Road conditions can vary enormously from day to day and region to region within California. Some roads like US 395 span the state through desert, lush valleys, high mountain passes, and snow-covered plains. You may need both snow chains and air conditioning in the same hour while driving through areas like the Owens Valley (it's happened to me). In mid-winter, you may even need snow chains on Interstate 5 (the main San Francisco to Los Angeles freeway) to get across the mountains only 40 miles from the palm trees of downtown LA (that's also happened to me, several times). Similarly, rain (and, particularly) fog can suddenly descend on you and the road, making driving difficult, dangerous, or suddenly impossible. High winds are also a common problem on the routes through mountains and passes.
Caltrans (the California Department of Transport) maintains an official Highway Conditions web page, and a recorded phone service for route information on (800) 427 7623. These resources are free and very useful for checking on everything from whether a road has been closed due to snowfalls to whether road works in progress on a particular highway are causing delays or not. This information is kept up to date 24 hours a day, 7 days a week. I often use Weather Underground for location-specific weather forecasts (the "Scientific Forecaster Discussion (NWS)" link on the results pages are a goldmine of useful information straight from the National Weather Service's mouth...), but there's a ton of other sites that do something similar as well.
The main problems you'll face in California are likely to be fog, rain, snow, and ice. These are touched on below.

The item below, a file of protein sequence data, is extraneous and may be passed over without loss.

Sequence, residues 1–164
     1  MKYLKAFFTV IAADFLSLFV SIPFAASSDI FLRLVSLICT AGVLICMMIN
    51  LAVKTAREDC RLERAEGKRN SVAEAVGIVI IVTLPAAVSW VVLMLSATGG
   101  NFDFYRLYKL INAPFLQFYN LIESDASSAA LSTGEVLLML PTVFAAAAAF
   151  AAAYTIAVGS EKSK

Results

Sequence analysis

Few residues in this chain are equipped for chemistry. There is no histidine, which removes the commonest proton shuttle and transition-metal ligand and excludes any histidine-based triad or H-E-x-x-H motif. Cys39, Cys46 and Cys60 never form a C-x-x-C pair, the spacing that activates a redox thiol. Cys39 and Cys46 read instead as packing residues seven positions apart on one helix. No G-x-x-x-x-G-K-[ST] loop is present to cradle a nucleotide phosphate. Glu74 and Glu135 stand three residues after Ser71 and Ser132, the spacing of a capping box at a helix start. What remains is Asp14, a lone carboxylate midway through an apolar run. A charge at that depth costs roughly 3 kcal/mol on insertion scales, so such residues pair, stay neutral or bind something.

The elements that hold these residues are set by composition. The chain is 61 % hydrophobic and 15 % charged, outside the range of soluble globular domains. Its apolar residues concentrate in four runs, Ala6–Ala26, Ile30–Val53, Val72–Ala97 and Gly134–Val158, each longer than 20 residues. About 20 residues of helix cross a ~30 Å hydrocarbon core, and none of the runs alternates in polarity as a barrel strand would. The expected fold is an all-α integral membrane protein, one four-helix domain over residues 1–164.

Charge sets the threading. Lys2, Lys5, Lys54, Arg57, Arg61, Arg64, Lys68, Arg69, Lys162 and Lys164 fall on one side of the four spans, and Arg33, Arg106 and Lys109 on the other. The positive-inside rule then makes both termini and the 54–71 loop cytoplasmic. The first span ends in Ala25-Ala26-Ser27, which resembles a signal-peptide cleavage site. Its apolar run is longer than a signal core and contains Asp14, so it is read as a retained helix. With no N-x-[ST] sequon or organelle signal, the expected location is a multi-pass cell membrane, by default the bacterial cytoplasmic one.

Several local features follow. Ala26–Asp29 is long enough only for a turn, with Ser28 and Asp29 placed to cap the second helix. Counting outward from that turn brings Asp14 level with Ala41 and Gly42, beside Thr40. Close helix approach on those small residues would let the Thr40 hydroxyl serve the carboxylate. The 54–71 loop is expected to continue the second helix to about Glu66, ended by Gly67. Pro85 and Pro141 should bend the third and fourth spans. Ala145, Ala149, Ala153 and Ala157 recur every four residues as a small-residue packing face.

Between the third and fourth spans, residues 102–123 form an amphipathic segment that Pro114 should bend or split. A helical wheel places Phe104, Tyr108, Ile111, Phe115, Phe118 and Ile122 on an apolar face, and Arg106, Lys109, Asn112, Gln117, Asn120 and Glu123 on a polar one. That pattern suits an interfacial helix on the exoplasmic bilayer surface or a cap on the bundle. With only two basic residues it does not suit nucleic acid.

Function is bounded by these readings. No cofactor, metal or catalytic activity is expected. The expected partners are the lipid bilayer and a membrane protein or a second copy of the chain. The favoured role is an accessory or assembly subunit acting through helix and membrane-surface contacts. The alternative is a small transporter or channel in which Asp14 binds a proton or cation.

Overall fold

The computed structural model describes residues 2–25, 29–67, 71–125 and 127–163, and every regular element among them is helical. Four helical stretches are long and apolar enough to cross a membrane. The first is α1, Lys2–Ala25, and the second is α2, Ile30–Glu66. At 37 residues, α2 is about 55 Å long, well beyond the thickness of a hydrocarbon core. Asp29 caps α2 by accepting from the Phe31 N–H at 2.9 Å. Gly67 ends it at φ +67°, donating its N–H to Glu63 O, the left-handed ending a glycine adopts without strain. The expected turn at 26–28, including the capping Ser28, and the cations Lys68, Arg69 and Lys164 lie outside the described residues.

Fog is common in places like the San Joaquin and Sacramento Valleys and much of the Northern and Central coast; unfortunately, the skills needed to deal with it are not. Large multi-car pileups in dense fog on the freeways happen at least annually, and it's common to see cars tailgating each other or speeding along at normal speeds in almost zero visibility (Britons will recognize this phenomenon). The coastal (advection) fog is most common during the spring and summer months; the Central Valley's tule fog tends to be more prevalent during autumn, winter, and early spring.
Caltrans maintains computerized fog warning signs on some freeways — pay attention to them, as some freeways (Interstate 5 comes to mind) can have quickly variable conditions, changing from one mile to the next (snow and fog to dust storms). It is often difficult to realize just how bad the fog or dust is until it's too late; typically, the worst accidents happen when you run into a virtual wall of fog or dust with no warning (this can happen frequently in the Central Valley). Visibility on the other side of the wall is zero — but you can't even see the fog or dust wall until you hit it. This phenomenon caused a 100+ car pileup, with more than a dozen deaths, many years ago on Interstate 5.
The majority of Californians live in places where it simply doesn't rain at all for six to nine months of each year; and when it does rain, not a lot actually comes out of the sky (except when it floods, of course...).
This means that when it finally does rain, no one can remember how to drive in the wet conditions. Most Californian drivers aren't used to the reduced visibility and the greasy, ultra-slippery roads, and accidents are far more common. Typically, few drivers bother to slow down, no one seems to realize that cornering is a lot harder, braking distances much longer, etc. The urban freeways are particularly bad for this — try to avoid them during and immediately after any rain.
Remember: rain is the (rare) exception in California; correspondingly, wet-weather driving skills people take for granted in wetter climates like London or Sydney are also the exception.